Sanpete accuses the district court of adopting Carbon's proposed findings of fact, conclusions of law, and order and judgment verbatim. Sanpete makes nothing but conclusory statements in support of its claim. However, even if we believed the district court improperly adopted Carbon's proposed findings without reasoned consideration, we would still review the district court's decision under the clearly erroneous standard. See Tosco Corp. v. Koch Indus., Inc., 216 F.3d 886, 892 n.1 (10th Cir. 2000).


Indeed, given the unity of issues, parties and evidence, one could argue the current case is somewhat analogous to the doctrine of claim preclusion. See Federated Dept. Stores, Inc. v. Moitie, 452 U.S. 394, 398 (1981) ("A final judgment on the merits of an action precludes the parties or their privies from relitigating issues that were ... raised in that action.") (quoted in Rivet v. Regions Bank, 522 U.S. 470, 476 (1998)).


Sanpete argues on appeal the testimony of its lawyer and the State Engineer at the time the agreement was signed, stating they thought the agreement resolved all possible controversies between the parties concerning the Narrows Project, proves the intent of the parties was to forever preclude Carbon from protesting the construction of the Project. This argument is unavailing because we must focus on the evidence supportive of the district court's decision and determine if it is sufficient to affirm its decision. We do not reverse simply because some evidence supports an appellant's position.


Mention of the Project in the agreement is limited to the definitions section, where the "Narrows Project" is defined as "the project proposed by this Agreement and contemplates the building of storage and diversion works at or above the location of the Narrows Site, to store Gooseberry Creek water for transmountain diversion to the San Pitch River System." The "Narrows Site" is also defined in the agreement, and is described as "the approximate location for a proposed dam to be constructed on Gooseberry Creek." This general language is insufficient to show that the parties' purpose and intent in entering the agreement was the construction of the Project when the specific language of the agreement focuses on allocation of water.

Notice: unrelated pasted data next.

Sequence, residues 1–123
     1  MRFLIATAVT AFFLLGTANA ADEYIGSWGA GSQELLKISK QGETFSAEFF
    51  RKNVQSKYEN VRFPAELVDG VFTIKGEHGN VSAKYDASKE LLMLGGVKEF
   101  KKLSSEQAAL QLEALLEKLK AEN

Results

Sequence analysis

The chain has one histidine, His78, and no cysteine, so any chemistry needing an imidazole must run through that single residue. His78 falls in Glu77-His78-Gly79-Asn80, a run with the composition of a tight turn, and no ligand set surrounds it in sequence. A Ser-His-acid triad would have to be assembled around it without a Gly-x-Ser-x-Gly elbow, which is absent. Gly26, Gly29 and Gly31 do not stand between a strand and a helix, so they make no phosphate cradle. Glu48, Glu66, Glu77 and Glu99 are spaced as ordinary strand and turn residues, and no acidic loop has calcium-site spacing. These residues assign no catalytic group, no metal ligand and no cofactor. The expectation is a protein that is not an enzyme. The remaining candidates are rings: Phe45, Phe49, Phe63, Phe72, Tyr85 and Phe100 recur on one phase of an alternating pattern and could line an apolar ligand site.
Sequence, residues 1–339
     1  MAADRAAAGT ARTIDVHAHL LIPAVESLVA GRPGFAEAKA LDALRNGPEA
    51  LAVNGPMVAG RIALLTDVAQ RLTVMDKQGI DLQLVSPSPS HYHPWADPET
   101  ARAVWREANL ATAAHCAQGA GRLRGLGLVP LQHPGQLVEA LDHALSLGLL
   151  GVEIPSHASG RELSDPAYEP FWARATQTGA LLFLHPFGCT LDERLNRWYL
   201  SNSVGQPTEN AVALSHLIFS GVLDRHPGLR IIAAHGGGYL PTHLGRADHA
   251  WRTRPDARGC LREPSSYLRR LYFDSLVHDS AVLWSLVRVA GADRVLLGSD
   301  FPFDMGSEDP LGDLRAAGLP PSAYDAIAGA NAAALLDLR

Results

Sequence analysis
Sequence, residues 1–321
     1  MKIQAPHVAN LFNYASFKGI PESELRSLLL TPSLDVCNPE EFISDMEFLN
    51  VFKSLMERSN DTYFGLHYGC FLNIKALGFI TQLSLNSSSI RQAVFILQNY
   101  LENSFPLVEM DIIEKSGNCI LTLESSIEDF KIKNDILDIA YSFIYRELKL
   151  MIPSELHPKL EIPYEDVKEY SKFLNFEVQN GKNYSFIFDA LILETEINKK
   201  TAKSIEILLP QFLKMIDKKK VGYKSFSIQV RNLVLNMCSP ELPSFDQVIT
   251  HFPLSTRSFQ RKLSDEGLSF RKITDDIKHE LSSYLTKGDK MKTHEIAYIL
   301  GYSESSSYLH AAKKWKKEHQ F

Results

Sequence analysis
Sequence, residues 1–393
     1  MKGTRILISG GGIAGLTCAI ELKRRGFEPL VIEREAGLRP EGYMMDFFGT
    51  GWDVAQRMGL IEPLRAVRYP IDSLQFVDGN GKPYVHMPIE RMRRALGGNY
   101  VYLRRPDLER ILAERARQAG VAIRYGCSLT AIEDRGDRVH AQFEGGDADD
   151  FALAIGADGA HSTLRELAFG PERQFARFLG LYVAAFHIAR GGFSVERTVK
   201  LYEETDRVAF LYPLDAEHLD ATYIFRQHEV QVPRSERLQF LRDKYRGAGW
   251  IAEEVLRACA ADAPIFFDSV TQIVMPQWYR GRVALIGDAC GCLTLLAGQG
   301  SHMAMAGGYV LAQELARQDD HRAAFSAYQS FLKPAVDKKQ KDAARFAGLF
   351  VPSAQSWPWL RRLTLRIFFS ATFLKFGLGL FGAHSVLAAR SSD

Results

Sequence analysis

We also point out that the nature of Carbon's comments to the various agencies focuses on process. We are not convinced these comments violated the "no-protest" provision as interpreted by Sanpete. For instance, in its comments to Reclamation and the Army Corps of Engineers, Carbon objects to the environmental impact statements and § 404 permit because the agency product did not comply with the National Environmental Policy Act. A distinction can be drawn between commenting on the process required under the National Environmental Policy Act and protesting an actual permit. We have often noted the National Environmental Policy Act does not mandate a particular result, but instead focuses on the process employed to reach it. See Colorado Envtl. Coalition v. Dombeck, 185 F.3d 1162, 1172 (10th Cir. 1999); Environmental Defense Fund, Inc. v. Andrus, 619 F.2d 1368, 1374 (10th Cir. 1980). Therefore, the selection of a preferred alternative in an environmental impact statement is not the equivalent of actually issuing a permit. One is a prerequisite to the other, but they are not synonymous. Even the lawsuit challenging Reclamation's Record of Decision, which can be characterized as a permit, focused on the technical violations of the National Environmental Policy Act.